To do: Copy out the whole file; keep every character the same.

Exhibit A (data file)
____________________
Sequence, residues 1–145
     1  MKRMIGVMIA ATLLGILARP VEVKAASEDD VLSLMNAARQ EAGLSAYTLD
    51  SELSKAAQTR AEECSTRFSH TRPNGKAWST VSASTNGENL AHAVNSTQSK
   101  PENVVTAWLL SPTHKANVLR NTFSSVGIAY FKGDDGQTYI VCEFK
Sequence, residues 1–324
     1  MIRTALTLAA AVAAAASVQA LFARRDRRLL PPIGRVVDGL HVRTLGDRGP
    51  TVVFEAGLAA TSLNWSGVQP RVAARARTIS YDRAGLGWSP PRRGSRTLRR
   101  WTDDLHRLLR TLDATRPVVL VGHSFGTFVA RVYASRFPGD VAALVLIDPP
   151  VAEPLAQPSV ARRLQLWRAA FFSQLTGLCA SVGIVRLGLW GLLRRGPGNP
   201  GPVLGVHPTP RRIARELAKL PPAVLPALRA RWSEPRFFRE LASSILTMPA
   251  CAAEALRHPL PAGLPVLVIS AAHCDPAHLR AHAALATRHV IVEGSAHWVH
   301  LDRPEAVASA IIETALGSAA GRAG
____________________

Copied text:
Sequence, residues 1–145
     1  MKRMIGVMIA ATLLGILARP VEVKAASEDD VLSLMNAARQ EAGLSAYTLD
    51  SELSKAAQTR AEECSTRFSH TRPNGKAWST VSASTNGENL AHAVNSTQSK
   101  PENVVTAWLL SPTHKANVLR NTFSSVGIAY FKGDDGQTYI VCEFK
Sequence, residues 1–324
     1  MIRTALTLAA AVAAAASVQA LFARRDRRLL PPIGRVVDGL HVRTLGDRGP
    51  TVVFEAGLAA TSLNWSGVQP RVAARARTIS YDRAGLGWSP PRRGSRTLRR
   101  WTDDLHRLLR TLDATRPVVL VGHSFGTFVA RVYASRFPGD VAALVLIDPP
   151  VAEPLAQPSV ARRLQLWRAA FFSQLTGLCA SVGIVRLGLW GLLRRGPGNP
   201  GPVLGVHPTP RRIARELAKL PPAVLPALRA RWSEPRFFRE LASSILTMPA
   251  CAAEALRHPL PAGLPVLVIS AAHCDPAHLR AHAALATRHV IVEGSAHWVH
   301  LDRPEAVASA IIETALGSAA GRAG